We forget that we are ONE country. In some ways, professional sports teaches us that we are NOT a unified people – and that we should only come together to compete. This is the intention: to divide the world into pieces so that everyone does not realize they have a common enemy, and that they should be cooperating with each other. It is a divide and conquer strategy. If folks in Massachusetts hate folks in New York, they will not come together to organize a revolution to change the world.

    Sports is based on the idea that we should pledge allegiance to a team based on proximity. The same applies at the level of governments. We are expected to pledge allegiance to the US, and not engage in “espionage” with foreign governments, or try to organize people from foreign lands. This works to the advantage of governments who do not want us to have an international lens (Dr. King was fine as long as he focused on America, but he was assassinated as soon as he opened his mouth about Vietnam.)

    So in the interest of solidarity outside the realm of sports, I encourage you to also keep watching and cheering for your old favorite team back in Oakland! (I assume you probably were going to, but, just in case you planned to tuck away your Raiders gear).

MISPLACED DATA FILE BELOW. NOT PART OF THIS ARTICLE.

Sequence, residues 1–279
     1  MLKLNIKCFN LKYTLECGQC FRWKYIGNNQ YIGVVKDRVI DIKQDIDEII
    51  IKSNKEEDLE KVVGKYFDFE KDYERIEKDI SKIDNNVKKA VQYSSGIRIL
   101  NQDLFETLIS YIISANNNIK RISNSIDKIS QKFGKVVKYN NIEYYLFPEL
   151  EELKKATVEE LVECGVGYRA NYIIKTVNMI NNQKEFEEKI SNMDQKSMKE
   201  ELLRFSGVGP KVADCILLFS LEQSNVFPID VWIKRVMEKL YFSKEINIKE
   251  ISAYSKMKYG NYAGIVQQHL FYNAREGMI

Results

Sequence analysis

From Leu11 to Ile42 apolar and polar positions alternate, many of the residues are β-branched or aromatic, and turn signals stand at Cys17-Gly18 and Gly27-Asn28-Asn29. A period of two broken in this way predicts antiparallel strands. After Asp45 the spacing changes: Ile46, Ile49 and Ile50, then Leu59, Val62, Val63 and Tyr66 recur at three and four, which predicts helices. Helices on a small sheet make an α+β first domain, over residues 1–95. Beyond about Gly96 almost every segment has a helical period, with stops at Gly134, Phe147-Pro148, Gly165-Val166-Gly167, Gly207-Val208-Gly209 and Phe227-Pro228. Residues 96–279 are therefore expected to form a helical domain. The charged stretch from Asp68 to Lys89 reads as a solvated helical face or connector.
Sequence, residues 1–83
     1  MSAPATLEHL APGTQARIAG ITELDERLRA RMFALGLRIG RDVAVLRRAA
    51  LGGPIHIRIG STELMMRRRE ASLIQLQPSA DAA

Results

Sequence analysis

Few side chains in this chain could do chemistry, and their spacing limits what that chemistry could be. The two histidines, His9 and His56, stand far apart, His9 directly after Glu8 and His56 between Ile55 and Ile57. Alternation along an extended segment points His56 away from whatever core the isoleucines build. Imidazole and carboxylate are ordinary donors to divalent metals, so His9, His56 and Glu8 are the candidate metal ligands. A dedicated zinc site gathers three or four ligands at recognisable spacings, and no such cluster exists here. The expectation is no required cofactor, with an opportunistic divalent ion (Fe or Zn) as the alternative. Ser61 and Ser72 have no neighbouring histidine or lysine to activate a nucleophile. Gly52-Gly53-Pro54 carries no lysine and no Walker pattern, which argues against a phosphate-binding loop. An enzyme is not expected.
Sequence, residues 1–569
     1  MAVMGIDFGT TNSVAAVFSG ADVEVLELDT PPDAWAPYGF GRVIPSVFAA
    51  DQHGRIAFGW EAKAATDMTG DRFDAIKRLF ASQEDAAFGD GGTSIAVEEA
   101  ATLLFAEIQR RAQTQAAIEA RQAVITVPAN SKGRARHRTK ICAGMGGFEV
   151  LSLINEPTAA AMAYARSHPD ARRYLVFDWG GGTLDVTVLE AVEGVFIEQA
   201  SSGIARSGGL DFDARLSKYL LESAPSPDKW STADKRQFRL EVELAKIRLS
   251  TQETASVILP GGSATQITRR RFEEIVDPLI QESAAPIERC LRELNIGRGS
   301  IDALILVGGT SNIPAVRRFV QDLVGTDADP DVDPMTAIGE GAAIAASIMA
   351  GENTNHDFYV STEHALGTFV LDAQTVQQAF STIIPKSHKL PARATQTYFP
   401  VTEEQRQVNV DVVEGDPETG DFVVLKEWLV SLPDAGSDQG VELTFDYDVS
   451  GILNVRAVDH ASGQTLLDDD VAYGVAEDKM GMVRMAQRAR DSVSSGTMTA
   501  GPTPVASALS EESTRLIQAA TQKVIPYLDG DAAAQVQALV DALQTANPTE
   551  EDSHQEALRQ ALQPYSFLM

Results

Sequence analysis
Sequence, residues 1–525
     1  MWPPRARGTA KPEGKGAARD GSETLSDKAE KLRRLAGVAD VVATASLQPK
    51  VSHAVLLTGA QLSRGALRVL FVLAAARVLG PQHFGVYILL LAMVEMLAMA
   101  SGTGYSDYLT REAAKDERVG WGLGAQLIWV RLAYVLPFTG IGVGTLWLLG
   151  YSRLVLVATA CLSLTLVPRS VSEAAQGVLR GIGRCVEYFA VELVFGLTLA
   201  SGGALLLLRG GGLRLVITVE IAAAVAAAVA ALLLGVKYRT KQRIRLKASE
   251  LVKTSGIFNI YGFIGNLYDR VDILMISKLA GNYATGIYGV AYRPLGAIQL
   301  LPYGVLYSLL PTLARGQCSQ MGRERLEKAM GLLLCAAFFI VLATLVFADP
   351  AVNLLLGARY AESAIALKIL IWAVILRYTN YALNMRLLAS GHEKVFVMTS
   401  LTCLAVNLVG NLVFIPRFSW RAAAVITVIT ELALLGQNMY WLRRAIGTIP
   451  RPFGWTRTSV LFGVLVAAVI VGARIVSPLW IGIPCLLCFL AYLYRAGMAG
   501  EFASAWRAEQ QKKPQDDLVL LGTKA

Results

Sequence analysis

Liked by 2 people

    • Hahaha I didn’t wear my Raiders gear today. I’ve been stuck in the realm of emotion. In other words I was in my feelings a bit. I’ve supported this team since I was maybe 5. I didn’t grow up in church nor did I grow up with a dad. The Raiders was Church. The Warriors and A’s raised me. But lately I’ve really realized the business aspect of it all, and knowing how much these team owners DON’T care about the average fan has made me realize how impartial I should be. You’re right about divide and conquer. I’ve seen fights, and worse over teams. Teams none of us have a financial stake in. Similar to gangs going to war over streets they don’t own. Trying to focus more on the overall love of sport and figuring out business. It’s helping

      Liked by 2 people

  3. […] The Detroit Lions are comparable to the East and West side of Detroit. Still in need of a lot of TLC, and hope — yet people are optimistic for “what could be.”  And much like the parts of Detroit that don’t get much positive publicity, the community has more good in it, then what it gets credit for. The Lions have been historically inconsistent, even in the Barry Sanders years. Yet, as with most fans east of California, Detroiters have lived and died with this team. As a die hard, if you invest your emotion into a team, and invest your hard earned dollar, you eventually want a winner. The Lions as an organization have given the great fans in Michigan mostly losing seasons, with glimpses of winning— every couple of years. After losing a  once-in-a-generation talent (Calvin Johnson) to early retirement, Matthew Stafford came into his own, and won some fans over. Not every fan, but he finally looked comfortable leading his team into battle every Sunday. More on his maturation here. […]

    Liked by 1 person